Don't go wide, go deep and don't work for body shops.


Mitchell McKenna said...

You make some good points. When I worked at IBM I noticed a significant number of the programming jobs were generic enterprise Java jobs.

I started off in a Java background, and since learning other languages, I often come across problems I can solve in a fraction of the time with another language. At my current job I'll see a PHP product developed in half the time than an equivalent product in Java.

I like the "Don't go wide, go deep" mentality; yes try many languages, (try many frameworks!), but don't be a mediocre programmer in all of them, find the ones best for the job, then master it.

Klaus Villaca said...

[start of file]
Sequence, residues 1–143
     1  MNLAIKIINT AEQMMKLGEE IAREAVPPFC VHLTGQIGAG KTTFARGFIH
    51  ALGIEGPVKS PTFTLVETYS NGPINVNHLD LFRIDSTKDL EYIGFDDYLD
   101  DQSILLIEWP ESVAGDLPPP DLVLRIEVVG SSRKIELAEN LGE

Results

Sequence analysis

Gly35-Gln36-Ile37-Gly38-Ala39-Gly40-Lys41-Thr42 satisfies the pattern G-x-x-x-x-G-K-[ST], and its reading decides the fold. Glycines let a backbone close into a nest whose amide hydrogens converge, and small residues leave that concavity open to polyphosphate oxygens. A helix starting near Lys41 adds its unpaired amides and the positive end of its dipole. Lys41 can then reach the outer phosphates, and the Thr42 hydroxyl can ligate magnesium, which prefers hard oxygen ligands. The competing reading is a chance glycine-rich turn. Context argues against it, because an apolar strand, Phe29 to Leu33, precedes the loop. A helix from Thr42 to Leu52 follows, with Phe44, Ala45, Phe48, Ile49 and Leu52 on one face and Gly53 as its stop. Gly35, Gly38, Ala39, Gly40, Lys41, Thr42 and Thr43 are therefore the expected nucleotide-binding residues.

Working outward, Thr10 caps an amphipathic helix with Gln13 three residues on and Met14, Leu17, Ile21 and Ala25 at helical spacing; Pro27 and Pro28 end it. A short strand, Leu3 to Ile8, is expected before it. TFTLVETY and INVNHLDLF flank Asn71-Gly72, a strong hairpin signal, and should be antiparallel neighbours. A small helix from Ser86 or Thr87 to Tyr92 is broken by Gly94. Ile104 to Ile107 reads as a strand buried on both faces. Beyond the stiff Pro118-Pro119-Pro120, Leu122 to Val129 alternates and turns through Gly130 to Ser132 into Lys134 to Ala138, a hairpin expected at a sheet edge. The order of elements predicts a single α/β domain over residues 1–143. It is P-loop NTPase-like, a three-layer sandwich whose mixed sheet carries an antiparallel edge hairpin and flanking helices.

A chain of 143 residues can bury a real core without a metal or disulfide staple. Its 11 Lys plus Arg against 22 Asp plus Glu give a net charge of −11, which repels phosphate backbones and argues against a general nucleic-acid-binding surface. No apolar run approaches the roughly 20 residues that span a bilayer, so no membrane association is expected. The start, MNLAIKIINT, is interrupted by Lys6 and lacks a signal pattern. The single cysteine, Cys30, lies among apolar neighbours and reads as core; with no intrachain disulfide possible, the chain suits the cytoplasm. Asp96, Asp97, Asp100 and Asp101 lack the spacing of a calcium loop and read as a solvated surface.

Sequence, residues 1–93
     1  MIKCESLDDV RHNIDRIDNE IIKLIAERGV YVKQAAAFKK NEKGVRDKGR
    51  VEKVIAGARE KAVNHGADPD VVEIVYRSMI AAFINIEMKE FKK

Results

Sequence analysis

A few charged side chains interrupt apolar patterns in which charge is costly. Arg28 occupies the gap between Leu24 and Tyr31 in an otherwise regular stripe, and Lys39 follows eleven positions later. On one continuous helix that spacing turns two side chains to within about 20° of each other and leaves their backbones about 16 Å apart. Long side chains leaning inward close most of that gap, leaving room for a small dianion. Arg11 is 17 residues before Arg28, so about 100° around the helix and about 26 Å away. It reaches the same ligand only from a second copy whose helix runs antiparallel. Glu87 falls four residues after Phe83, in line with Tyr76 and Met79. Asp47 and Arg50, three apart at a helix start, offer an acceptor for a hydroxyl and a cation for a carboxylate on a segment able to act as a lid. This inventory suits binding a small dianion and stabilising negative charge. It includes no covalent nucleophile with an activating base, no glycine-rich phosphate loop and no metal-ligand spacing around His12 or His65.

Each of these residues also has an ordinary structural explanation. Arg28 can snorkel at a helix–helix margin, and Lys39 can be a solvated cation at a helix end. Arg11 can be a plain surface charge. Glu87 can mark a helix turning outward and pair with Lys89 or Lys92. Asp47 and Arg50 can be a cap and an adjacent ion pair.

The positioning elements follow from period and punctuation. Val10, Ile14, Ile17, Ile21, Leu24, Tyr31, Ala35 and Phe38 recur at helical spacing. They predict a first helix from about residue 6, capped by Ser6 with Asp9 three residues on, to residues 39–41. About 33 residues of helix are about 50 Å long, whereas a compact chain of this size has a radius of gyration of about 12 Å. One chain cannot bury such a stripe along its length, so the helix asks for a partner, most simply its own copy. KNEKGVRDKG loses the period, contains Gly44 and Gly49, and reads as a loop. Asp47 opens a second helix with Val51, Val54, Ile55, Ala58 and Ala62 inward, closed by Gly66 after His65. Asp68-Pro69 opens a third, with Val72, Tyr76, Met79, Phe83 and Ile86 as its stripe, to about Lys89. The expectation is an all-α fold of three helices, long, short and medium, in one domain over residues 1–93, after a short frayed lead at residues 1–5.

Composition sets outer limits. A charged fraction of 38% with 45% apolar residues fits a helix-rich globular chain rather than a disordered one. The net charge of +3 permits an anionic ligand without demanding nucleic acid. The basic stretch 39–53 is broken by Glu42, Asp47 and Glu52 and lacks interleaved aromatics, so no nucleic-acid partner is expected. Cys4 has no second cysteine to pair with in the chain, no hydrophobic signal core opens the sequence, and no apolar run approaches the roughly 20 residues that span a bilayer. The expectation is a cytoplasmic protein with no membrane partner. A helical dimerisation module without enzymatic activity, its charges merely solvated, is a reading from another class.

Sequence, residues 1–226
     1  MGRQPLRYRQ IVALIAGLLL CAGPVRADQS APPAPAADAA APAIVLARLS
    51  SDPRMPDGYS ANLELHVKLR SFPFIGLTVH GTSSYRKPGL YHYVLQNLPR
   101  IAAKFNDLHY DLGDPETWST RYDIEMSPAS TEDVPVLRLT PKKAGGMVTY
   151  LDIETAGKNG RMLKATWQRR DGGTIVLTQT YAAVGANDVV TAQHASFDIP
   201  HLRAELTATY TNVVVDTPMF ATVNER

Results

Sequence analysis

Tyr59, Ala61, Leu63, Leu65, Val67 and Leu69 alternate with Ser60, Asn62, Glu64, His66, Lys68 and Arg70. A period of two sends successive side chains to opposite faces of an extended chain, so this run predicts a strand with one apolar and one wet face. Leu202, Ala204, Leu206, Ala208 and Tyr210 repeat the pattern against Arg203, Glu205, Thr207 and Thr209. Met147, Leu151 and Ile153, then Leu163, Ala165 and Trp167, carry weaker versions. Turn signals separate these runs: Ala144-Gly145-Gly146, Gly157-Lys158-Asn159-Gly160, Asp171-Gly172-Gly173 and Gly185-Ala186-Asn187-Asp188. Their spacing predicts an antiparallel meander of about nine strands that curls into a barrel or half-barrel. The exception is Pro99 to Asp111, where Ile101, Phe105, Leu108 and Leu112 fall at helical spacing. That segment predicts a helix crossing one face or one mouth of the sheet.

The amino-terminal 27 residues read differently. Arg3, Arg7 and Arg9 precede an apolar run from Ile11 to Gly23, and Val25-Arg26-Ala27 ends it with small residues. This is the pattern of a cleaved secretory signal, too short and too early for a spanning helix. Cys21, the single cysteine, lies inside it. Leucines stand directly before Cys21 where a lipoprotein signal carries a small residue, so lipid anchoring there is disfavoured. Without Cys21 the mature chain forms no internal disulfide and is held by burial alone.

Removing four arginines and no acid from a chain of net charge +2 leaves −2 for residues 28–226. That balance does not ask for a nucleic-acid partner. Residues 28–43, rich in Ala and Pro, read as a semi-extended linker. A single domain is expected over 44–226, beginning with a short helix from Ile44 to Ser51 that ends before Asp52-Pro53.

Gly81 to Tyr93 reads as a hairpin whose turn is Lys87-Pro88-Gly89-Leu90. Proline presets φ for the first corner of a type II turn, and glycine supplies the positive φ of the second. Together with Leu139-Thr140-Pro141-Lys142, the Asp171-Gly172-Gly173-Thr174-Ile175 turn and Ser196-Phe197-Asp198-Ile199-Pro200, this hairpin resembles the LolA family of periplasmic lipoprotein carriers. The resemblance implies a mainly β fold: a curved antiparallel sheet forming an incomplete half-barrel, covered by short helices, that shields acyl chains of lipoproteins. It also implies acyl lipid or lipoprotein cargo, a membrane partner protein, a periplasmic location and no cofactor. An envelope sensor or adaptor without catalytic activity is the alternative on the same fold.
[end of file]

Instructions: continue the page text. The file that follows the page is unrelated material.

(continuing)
What you wrote goes for those one that aiming Software Architecture, in this case Java is one more tool in your toolbox. I'm working with IT since 1990 and have worked with many languages (C, C++, Cobol, Foxpro, Clipper, Dataflex and Progress proprietary languages, Pascal, Fortran, VB and Java in several OS's like Xenix, Unix, IBM OS's, Linux and Windows's), my choose for Java is because with that we have back compatibility, when apart from C ANSI, it does not happen with others languages, and that means for the company will have your system being upgrade for long time, I don't see Java verbose as bad, no, it's very desirable, because with it you have more control of what is happening in your code, try .NET and let me know, there are many super class that does everything without you really know how, and if you work in IT for some time, you learn or learned in UNI that if you have 0,0001% chance of something happen, that thing will happen, that the time expended to create the system usually is 10% of his lifetime, that for better that is your code is, always problems will arise, and in the end you will be re-writing the wheel to solve this lack of information that you have. I agree with you that most of programmers/developers today choose Java because there are more jobs, though it's not just happen with Java is with IT generally speaking, today we have many Project Managers that don't have at least one piece of knowledge about technologies that they are working with, there are BA's that are nothing less then type writers, and developers that put into CV something like 11 years experience and even know how to deploy one application. IT area is growing up too fast, faster than good talents arise and it's really bad, because create this sort of misunderstood s, quite few people have one 3D vision about what is the best for that project, most of then are followers of this phrase "If I just have one hammer as a tool all my problems will looks like a nail's"